If you have any questions or concerns, don’t hesitate to drop by my workstation. Over there.

The name is Noone.

Spelled just the way it sounds.

___________________________________________________

Image by Derrick Tyson


Comfort Me with Apples…

Comfort Me with Apples

Tonight, she was sure of it: she’d been entered.

The stillborns and miscarriages of her recent past mocked her.

In the still of each evening, she heard them cackling and cooing as they romped through the deserted and darkened nursery. Vases occasionally tumbled and shattered.

She saw darting movements out of the corner of her eyes. Sometimes an entire child-image. Other times, just the quick shadow of a tiny foot as it whisked around a corner.

Of  course, he didn’t believe her. Not that he was cold or indifferent. Another man might have deserted her by now, leaving her yoked to barren solitude.

But he tried to make her laugh. To forget.

But they would never let her forget.

Each night in her dreams, she was assailed by tiny, blue faces. Shriveled. Accusing. Milky eyes staring up at her. Small monkey hands that reached up out of her bloodied bedclothes until she sat up screaming and he would comfort her, easing her back down until her bird’s heart returned to normal.

Tonight, another being had warmed itself beside her. Waiting to be invited in.

She put down the potato she was peeling and inhaled deeply. A sweet aroma of ripening apples entered her and she had wept. Another had chosen her.

In the hallway, she heard a picture frame slide down the wall and smash on the hardwood floor.

When he returned from work, she’d told him what had happened and what she wanted to do. He’d listened and agreed, as she knew he would.

She entered his study. He was sitting at his blood red writing table, staring out the window as the sun descended behind the Parliament building.

“Are you ready?” she asked him.

He turned to her and held out a red rose and a tightly wound bundle of sage. “Yes.”

They went to the fireplace and she thrust the sage bundle into the glowing embers. Its musty scent immediately filled the apartment.

“Come,” she said.

They unlocked the nursery door and entered, the smoking sage held out before her in a shaking hand. The end of the sage bundle glowed an unearthly orange in the semi-darkness. The smoke scent mingled with another, more ancient stench of corruption.

She grabbed his hand and strode to the very center of the room, sage held high, and screamed. She ran to each corner and thrust the smoking bundle upward. She demanded to be left alone, to be free of unnamed children.

The walls shook, the floor buckled. And outside, an unnatural orange glow filled the sky.

The woman and the man held each other tightly until the room stopped convulsing.

They walked back to the blood red writing desk in his study.

She draped herself onto his lap and lay back.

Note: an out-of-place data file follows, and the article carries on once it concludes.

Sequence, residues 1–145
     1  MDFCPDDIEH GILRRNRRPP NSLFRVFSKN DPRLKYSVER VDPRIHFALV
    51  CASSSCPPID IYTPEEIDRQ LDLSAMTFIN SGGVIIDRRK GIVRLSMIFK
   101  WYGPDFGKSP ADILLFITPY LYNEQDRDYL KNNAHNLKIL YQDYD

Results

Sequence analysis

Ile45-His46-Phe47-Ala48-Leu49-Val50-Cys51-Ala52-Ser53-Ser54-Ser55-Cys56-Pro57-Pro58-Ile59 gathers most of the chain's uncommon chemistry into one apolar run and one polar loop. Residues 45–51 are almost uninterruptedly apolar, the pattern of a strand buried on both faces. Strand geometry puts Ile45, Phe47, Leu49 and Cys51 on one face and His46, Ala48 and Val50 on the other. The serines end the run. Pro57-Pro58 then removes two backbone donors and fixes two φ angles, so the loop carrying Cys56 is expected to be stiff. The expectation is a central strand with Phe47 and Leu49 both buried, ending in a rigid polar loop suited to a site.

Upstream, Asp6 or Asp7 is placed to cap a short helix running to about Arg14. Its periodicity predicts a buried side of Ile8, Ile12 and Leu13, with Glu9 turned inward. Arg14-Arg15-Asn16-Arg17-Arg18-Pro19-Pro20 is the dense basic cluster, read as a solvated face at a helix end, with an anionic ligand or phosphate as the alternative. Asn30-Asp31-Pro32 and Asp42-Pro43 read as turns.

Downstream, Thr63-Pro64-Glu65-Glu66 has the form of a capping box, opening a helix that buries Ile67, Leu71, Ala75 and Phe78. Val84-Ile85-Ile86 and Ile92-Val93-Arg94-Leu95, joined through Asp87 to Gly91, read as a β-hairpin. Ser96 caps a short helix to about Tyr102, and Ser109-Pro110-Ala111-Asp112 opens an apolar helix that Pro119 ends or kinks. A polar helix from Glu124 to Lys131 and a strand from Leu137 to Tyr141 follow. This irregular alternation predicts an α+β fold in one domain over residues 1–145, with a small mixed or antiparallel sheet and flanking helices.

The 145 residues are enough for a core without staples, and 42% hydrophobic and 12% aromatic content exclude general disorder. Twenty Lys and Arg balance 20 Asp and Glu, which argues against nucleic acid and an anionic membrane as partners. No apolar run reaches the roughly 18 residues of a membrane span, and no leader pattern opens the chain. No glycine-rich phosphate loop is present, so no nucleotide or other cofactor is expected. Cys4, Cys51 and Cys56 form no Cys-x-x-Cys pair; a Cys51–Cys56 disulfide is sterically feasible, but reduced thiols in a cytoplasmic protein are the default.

She took his hand and pulled it to her waist.

“Here,” she said. “Put your hand here. I smelled apples and then he was living right here.”

The man cradled her stomach and kissed her.

A delicious silence settled on the house as the orange glow faded to purple in the west.

She looked up at him with shining, wet eyes.

“Just like apples,” she said.

________________________________________________________

Today I was at the home of a close friend. We were discussing books and life etc.  Conversation turned to whether or not there were such ‘things’ as individual human souls. I was of the opinion that the notion of  eternal souls is a delusion (not that I am in any way qualified to make such a statement.) My friend told me of her experiences with failed and successful pregnancies and I was fascinated. Moved, I wrote this story.

Image of incredible Chagall painting by Shawn Rossi


Summer of Love…

Summer of Love

When I got your letter about the divorce, I’d already lost my legs.

Now, sitting on this hill looking down at The Cliff House, I’m wondering if coming here to see you is a good idea.

I see you stand up tall, out of your station wagon.

The kids scatter all around your legs and you point at the big rocks completely covered in birdshit.

You have on your big Sharon Tate sunglasses that I love so much. Your yellow sundress billows in that the San Francisco breeze.

You look happy, really happy, with your new family.

It’s so ironic that you’ve come all this way, all the way to California, to get away from me. And I was just up the street at the VA Hospital on Clement Street, not five minutes from where you stand right now.

He puts his arm around your waist. You settle against him. It’s like I’m seeing all this from another dimension – somewhere far away.

I’ve actually been to The Cliff House a couple of times. They wheel us down there from the VA and carry us in. You know, just to get away for a few hours.

We get a few stares. Some of the guys just look down, or over at the birdshit rocks. Me, I just stare right back at them. Until they look away. Boo-fucking-rah.

I see you look around, almost as if you can sense me up here, but of course, that’s impossible. Even in this wheel chair, I can still make myself invisible to a target.